A daily download of SME, startup, fintech and tax news from around Australia.
As the dust settles on the debate surrounding the Australian competition regulator’s 378-page preliminary report into digital platforms Google and Facebook, founders are nervous that any changes to merger laws could limit their exit options.
The first preliminary recommendation of the Australian Competition and Consumer Commission proposed changing merger laws to take into account the removal of a potential competitor, as well as the amount and nature of data which the acquirer would likely gain
RBA Governor Philip Lowe has reportedly taken matters into his own hands to prevent a credit crunch in Australia
While the Reserve Bank of Australia (RBAReserve Bank of Australia www.rba.gov.au) appears comfortable with the current correction in Sydney and Melbourne property prices, at least based upon public statements, a report out today suggest policymakers are becoming increasingly concerned about the unwillingness of Australian banks to lend.
Fresh from warning last month that Australia’s “economy will suffer” should bank’s become “afraid to lend simply because of the consequences of making a loan that goes bad”, RBAReserve Bank of Australia www.rba.gov.au Governor Philip Lowe has reportedly taken matters into his own hands to prevent a potential credit crunch, meeting directly with each of Australia’s big four bank chiefs in recent weeks to push for them to lend.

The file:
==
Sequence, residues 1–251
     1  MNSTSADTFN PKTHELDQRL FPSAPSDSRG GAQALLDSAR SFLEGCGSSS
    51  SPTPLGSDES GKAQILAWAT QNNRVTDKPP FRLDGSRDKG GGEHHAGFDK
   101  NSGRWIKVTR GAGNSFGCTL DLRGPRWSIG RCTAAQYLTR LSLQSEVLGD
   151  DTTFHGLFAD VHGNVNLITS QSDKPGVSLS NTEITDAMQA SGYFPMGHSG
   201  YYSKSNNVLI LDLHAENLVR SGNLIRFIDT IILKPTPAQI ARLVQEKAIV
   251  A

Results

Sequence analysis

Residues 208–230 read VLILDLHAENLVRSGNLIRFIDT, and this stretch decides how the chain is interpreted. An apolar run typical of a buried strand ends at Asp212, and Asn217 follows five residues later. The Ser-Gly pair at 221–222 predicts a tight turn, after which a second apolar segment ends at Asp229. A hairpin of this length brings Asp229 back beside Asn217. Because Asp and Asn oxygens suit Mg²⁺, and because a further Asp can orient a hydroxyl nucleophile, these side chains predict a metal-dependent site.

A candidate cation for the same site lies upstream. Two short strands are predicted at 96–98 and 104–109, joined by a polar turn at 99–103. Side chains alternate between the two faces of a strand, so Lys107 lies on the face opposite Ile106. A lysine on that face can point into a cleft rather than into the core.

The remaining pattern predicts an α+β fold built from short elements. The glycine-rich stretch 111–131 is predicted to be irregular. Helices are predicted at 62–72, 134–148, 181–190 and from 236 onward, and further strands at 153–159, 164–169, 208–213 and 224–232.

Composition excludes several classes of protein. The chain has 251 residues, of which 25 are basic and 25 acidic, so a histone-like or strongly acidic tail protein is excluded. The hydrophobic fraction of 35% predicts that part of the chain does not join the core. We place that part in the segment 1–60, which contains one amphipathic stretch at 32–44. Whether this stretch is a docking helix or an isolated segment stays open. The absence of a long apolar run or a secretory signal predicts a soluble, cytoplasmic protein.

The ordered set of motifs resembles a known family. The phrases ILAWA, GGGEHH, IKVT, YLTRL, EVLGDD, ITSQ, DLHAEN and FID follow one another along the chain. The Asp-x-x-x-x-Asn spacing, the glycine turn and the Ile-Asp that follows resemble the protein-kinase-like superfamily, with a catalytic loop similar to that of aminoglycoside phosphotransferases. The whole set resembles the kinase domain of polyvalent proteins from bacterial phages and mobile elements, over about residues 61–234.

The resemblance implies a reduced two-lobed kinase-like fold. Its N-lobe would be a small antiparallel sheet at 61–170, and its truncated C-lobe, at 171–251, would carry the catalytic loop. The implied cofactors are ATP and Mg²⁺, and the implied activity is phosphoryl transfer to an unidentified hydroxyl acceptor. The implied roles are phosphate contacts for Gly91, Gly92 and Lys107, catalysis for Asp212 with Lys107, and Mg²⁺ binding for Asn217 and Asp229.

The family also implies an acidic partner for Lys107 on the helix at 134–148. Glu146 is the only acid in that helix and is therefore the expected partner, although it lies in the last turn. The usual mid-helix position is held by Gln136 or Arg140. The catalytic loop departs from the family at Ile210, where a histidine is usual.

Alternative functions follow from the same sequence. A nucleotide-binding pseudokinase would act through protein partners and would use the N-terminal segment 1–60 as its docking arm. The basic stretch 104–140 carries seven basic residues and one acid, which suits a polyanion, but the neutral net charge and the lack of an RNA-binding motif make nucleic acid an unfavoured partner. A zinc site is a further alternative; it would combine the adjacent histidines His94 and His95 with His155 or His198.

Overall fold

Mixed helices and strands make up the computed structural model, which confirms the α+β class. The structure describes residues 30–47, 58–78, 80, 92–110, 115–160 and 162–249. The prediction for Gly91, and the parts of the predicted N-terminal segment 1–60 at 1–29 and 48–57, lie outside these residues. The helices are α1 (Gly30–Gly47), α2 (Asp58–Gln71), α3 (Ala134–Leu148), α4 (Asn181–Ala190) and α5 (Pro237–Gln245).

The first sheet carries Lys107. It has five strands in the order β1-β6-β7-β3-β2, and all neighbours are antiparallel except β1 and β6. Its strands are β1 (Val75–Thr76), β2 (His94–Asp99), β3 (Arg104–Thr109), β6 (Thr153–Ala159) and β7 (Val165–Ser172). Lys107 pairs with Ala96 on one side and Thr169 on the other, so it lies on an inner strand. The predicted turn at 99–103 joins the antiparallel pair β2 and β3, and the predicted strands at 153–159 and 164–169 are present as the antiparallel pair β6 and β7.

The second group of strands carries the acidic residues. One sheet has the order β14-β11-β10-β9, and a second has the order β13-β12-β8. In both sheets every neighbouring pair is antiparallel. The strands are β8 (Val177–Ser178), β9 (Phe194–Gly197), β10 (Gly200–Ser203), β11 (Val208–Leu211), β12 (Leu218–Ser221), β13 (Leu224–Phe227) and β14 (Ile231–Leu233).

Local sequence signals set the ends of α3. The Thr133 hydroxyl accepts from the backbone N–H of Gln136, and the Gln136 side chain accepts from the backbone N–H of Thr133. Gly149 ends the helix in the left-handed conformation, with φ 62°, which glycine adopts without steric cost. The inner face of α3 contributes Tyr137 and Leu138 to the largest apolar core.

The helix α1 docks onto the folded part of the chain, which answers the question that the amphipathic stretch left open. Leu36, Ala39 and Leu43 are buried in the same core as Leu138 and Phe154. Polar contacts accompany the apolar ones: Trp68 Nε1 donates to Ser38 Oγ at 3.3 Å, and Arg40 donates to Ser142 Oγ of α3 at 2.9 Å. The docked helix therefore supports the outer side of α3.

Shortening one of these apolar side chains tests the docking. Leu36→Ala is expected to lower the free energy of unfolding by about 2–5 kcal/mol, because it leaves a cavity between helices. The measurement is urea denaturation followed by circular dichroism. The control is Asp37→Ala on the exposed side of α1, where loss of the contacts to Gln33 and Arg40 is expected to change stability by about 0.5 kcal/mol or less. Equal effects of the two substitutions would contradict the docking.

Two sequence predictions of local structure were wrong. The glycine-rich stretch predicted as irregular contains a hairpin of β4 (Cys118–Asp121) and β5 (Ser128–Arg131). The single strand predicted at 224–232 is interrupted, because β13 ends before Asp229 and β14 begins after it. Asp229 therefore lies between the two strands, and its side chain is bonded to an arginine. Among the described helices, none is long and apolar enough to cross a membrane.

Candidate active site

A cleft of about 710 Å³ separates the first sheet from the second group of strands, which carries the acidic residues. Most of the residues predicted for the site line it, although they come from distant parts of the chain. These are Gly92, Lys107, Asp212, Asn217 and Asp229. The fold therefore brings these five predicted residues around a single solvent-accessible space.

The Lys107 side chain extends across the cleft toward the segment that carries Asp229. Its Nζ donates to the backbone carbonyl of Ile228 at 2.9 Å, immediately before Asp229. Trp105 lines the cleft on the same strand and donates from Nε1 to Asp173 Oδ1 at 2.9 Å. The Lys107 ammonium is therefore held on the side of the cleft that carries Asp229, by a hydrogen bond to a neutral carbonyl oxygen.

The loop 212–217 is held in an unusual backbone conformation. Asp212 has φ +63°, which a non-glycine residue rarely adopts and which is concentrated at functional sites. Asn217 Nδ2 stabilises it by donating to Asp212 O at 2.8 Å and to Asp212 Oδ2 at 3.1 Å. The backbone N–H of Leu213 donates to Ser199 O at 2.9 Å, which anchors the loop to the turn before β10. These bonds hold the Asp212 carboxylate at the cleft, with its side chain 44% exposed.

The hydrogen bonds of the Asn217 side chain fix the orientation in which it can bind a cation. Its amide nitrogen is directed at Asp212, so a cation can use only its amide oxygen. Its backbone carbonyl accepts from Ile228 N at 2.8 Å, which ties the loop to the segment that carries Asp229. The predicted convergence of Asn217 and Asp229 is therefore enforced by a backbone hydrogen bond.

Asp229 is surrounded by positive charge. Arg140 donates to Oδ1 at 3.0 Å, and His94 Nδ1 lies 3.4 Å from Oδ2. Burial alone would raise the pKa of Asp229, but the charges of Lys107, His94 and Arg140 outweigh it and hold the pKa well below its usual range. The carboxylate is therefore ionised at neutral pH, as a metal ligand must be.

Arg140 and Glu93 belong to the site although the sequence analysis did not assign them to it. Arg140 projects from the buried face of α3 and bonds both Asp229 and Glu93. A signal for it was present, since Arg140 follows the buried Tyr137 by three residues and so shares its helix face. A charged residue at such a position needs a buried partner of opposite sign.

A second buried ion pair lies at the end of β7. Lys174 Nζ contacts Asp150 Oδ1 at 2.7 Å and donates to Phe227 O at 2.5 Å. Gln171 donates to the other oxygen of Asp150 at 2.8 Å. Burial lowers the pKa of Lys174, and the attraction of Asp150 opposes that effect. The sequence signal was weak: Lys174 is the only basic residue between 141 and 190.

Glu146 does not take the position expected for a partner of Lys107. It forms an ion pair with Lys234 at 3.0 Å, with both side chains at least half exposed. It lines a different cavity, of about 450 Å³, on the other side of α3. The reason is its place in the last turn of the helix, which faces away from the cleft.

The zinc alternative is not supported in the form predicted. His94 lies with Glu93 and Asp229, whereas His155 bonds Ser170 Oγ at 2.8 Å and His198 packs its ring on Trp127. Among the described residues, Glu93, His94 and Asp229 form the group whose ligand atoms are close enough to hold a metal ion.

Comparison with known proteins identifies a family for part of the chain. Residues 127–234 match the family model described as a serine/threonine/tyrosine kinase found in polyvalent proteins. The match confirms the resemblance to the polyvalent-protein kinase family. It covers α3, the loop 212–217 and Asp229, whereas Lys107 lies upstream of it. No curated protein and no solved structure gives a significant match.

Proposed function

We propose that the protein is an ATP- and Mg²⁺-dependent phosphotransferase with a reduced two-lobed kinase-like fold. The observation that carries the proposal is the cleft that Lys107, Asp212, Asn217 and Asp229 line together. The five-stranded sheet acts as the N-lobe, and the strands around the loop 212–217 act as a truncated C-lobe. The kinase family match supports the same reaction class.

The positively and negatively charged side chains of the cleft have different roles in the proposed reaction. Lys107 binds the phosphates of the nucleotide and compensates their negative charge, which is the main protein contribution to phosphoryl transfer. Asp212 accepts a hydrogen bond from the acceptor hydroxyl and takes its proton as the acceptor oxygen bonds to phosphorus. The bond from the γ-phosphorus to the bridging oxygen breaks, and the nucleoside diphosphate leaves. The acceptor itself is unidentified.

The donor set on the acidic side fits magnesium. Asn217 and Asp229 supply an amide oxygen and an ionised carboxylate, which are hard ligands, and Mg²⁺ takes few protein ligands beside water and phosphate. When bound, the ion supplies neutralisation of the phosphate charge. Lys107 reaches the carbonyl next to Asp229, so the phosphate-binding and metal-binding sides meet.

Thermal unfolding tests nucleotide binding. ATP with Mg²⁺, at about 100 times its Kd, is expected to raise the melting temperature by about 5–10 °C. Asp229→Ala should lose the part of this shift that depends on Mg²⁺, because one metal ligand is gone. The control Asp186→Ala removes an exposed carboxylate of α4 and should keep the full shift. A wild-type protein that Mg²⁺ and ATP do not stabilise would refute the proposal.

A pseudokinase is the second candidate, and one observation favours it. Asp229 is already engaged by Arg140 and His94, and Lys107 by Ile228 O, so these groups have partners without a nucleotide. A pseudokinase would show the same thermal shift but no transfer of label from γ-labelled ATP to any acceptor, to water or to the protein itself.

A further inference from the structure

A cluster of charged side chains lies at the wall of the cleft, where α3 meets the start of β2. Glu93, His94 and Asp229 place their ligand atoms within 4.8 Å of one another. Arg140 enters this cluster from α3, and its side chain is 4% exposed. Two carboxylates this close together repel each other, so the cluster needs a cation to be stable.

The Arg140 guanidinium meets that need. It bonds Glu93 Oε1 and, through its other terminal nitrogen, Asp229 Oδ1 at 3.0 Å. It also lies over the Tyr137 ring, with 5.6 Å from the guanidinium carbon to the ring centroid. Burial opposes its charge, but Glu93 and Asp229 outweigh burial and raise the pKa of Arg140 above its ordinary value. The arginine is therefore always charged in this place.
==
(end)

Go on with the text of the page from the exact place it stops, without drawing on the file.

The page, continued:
Morrison government’s ‘PaTH’ internship program results in fewer than one in 10 interns scoring a job
The Morrison government’s “PaTH” internship program has signed up just 20 per cent of the businesses needed to hit its target while fewer that one in 10 interns have moved into full-employment.
The new figures show the $840 million program is falling short of its aim of getting 120,000 vulnerable Australians into job placements over four years, with only 36,290 securing a placement over the first two years of the program, costing taxpayers $14,393 per internship so far.
Digital skills, government digital services, infrastructure, access to quality data and an ‘enabling environment’ are the federal government’s key areas of focus in a new digital economy strategy launched today.
The 52-page document – entitled Australia’s Tech Future – details “how Australians can work together to deliver a strong, safe and inclusive economy, boosted by digital technology” the government said.
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